Hold onto your hats, folks. It's rant time!
Based on what I'm hearing on Facebook, Twitter, and in real life, it's time for a refresher course on the difference between investing and speculation. Although these two concepts share some commonalities, they're very different things.
Let me start by telling a story, one I've told many times before. It's the story of the worst “investor” I've ever known: me.
The Worst Investor I've Ever Known
Before my financial turnaround, I didn't really understand what the stock market was for. I viewed it as a sort of casino, I guess. I believed investors gambled on individual stocks and hoped that they'd outperform the rest of the market.
So, that's what I did. I treated the stock market as if it were a casino. I'd pick a stock, put all my money into it, and cross my fingers. I took risky gambles hoping to strike it rich.
Unsurprisingly, I lost a ton of money.
- During the late 1990s, some friends and I formed an investment club. Each month, we contributed money and picked where to put it. We chose stupid, stupid stocks — whatever was riding high at the moment. When the tech bubble burst, so did our bankroll and our enthusiasm.
- In 2000, enamored by PalmPilot, I bought stock in the company that made the devices. I paid close to $90 per share. Just over a year later, the stock had lost 90% of its value. Oops.
- One of my friends worked for The Sharper Image. In 2007, the company was struggling and the stock was in the toilet. At dinner one night, my friend told me how management was trying to turn things around. Sounded promising, so I put my $3500 Roth IRA contribution into the company's stock. The company soon went bankrupt and my 2007 IRA contribution is now worth nothing.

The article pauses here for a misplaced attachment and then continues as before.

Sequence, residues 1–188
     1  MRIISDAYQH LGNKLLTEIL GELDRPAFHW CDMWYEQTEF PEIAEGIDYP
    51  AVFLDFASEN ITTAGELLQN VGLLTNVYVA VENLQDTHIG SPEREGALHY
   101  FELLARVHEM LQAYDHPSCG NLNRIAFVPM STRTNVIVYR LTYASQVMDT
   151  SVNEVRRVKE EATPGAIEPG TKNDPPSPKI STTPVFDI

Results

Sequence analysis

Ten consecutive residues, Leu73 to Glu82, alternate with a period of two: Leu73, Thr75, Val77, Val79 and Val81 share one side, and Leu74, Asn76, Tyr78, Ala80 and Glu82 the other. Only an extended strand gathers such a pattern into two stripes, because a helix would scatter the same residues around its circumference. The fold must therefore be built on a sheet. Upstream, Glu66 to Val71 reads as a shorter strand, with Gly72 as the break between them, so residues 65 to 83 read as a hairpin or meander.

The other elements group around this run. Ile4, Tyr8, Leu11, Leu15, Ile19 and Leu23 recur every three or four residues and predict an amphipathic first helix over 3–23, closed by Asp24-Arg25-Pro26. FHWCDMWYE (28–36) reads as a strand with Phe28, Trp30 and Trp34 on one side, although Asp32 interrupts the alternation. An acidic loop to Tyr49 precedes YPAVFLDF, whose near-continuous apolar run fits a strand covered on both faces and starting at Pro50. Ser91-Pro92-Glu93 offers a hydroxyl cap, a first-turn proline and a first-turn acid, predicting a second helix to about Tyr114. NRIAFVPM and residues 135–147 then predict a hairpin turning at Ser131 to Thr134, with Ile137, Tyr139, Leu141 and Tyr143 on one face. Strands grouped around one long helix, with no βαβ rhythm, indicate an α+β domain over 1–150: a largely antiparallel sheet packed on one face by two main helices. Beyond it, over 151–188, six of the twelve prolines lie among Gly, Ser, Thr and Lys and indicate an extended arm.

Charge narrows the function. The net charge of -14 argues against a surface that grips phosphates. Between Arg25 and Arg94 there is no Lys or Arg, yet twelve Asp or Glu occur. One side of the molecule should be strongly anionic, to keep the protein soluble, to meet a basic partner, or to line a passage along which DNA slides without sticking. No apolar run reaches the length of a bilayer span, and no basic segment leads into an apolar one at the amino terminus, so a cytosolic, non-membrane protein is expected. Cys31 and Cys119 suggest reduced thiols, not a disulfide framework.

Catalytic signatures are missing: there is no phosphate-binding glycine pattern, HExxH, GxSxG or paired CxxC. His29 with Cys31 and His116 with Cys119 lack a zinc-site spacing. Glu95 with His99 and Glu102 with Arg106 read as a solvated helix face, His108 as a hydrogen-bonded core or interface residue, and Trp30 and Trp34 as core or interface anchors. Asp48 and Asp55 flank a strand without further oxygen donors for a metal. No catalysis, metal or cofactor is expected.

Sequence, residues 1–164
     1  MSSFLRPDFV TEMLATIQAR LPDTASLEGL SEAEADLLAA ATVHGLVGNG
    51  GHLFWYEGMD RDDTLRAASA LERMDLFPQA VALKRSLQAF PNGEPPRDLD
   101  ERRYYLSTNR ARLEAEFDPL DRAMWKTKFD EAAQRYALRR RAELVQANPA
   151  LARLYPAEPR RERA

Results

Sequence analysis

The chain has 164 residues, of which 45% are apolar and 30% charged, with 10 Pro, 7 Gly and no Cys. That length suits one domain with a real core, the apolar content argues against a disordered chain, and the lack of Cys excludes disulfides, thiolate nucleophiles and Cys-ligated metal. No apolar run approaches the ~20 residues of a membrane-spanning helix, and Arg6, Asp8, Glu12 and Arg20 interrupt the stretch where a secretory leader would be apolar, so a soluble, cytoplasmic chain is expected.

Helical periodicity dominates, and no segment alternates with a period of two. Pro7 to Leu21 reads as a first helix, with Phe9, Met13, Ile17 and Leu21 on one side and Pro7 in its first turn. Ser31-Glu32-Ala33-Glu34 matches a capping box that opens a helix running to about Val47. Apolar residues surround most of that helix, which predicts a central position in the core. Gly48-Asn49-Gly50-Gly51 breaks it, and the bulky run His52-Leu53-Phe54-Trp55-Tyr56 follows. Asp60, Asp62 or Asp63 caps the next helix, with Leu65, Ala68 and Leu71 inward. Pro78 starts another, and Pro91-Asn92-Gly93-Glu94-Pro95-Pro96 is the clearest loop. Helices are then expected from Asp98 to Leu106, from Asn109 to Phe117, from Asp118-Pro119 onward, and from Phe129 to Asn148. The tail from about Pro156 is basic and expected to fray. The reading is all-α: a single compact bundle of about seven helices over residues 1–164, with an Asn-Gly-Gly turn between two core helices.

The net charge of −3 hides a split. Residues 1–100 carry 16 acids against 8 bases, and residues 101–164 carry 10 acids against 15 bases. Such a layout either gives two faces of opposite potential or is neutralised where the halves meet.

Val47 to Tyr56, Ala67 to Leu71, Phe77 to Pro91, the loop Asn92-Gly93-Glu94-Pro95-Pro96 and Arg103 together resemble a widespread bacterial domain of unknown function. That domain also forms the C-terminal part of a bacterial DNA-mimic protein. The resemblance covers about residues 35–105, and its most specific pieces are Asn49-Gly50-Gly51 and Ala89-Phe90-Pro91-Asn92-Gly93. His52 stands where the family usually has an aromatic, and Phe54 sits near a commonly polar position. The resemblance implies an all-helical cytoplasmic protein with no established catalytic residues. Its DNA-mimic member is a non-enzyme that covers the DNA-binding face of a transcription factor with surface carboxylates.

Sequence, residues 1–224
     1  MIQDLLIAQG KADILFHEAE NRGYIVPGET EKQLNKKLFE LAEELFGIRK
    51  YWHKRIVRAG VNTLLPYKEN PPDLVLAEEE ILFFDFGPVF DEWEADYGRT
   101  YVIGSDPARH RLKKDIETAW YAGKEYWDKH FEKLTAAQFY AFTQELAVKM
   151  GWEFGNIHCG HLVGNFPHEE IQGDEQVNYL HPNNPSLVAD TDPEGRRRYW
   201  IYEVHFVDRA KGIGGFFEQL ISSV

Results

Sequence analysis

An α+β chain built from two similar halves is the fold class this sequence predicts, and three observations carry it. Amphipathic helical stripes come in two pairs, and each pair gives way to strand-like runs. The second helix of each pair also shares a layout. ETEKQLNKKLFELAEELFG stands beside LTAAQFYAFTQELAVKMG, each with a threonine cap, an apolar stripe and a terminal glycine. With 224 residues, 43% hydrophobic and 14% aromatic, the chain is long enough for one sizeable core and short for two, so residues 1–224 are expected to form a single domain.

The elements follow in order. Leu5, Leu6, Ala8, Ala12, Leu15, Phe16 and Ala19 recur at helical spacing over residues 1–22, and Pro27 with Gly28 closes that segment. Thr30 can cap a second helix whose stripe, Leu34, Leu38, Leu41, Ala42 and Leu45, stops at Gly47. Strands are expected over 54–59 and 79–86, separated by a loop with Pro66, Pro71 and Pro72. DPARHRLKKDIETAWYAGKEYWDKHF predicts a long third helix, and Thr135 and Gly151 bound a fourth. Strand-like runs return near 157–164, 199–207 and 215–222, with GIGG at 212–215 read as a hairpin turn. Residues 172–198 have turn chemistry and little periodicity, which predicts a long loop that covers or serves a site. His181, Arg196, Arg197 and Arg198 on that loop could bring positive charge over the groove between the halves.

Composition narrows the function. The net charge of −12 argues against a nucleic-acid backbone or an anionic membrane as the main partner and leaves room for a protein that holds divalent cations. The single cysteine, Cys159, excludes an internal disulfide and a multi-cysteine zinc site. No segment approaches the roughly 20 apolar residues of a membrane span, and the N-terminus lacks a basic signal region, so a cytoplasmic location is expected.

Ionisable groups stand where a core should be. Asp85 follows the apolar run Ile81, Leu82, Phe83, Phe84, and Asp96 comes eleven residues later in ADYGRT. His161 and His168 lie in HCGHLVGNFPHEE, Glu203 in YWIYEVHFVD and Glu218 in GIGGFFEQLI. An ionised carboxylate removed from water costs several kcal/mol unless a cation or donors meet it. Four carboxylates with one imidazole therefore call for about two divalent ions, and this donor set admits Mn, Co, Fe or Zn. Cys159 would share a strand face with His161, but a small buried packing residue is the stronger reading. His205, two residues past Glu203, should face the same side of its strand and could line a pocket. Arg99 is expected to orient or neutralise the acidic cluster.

- During the banking crisis, I invested in Countrywide Financial. “Countrywide is on your side,” right? Wrong. Yet another stock that went to zero.
I wasn't investing; I was speculating. I was gambling. I was trying to pick winning cards at the casino. But that's how I thought the stock market worked.
The High Risk of Risk
After writing at Get Rich Slowly for a while, my viewpoint changed. As I became better educated, I realized that the stock market is not a casino. It's a marketplace. It's a tool that allows people to buy shares of businesses. (This is obvious, but trust me: Most people don't understand this.)
When I buy a piece of one business, I'm taking on the risk associated with that business. We hear all the time that most small businesses don't survive seven years, right? Well, even big businesses go under. Even big businesses lose money. There's always risk associated with owning a business.
In the world of investing, “risk” is the probability that you'll lose money. (There are many types of investment risks, by the way.) The notion of “return” is fundamentally tied to the concept of “risk”. The greater the risk — the greater the chance you'll lose money — the higher your potential returns (gains) are.
One difference between investment and speculation is the amount of risk involved. When you put your money into something with minimal risk, you're investing. When you put your money into something with high risk, you're speculating. Like I said at the start, there are plenty of commonalities in the two actions — but the element of risk is a huge differentiating factor.
One way to mitigate risk is to own pieces of several businesses. Owning many businesses is even better. This practice is known as diversification. Diversification reduces risk. It allows you to enjoy the profits and benefits without getting screwed when one business goes under. This is investing. Putting all of your money into one stock and hoping that it increases in value is speculation. [Read more…]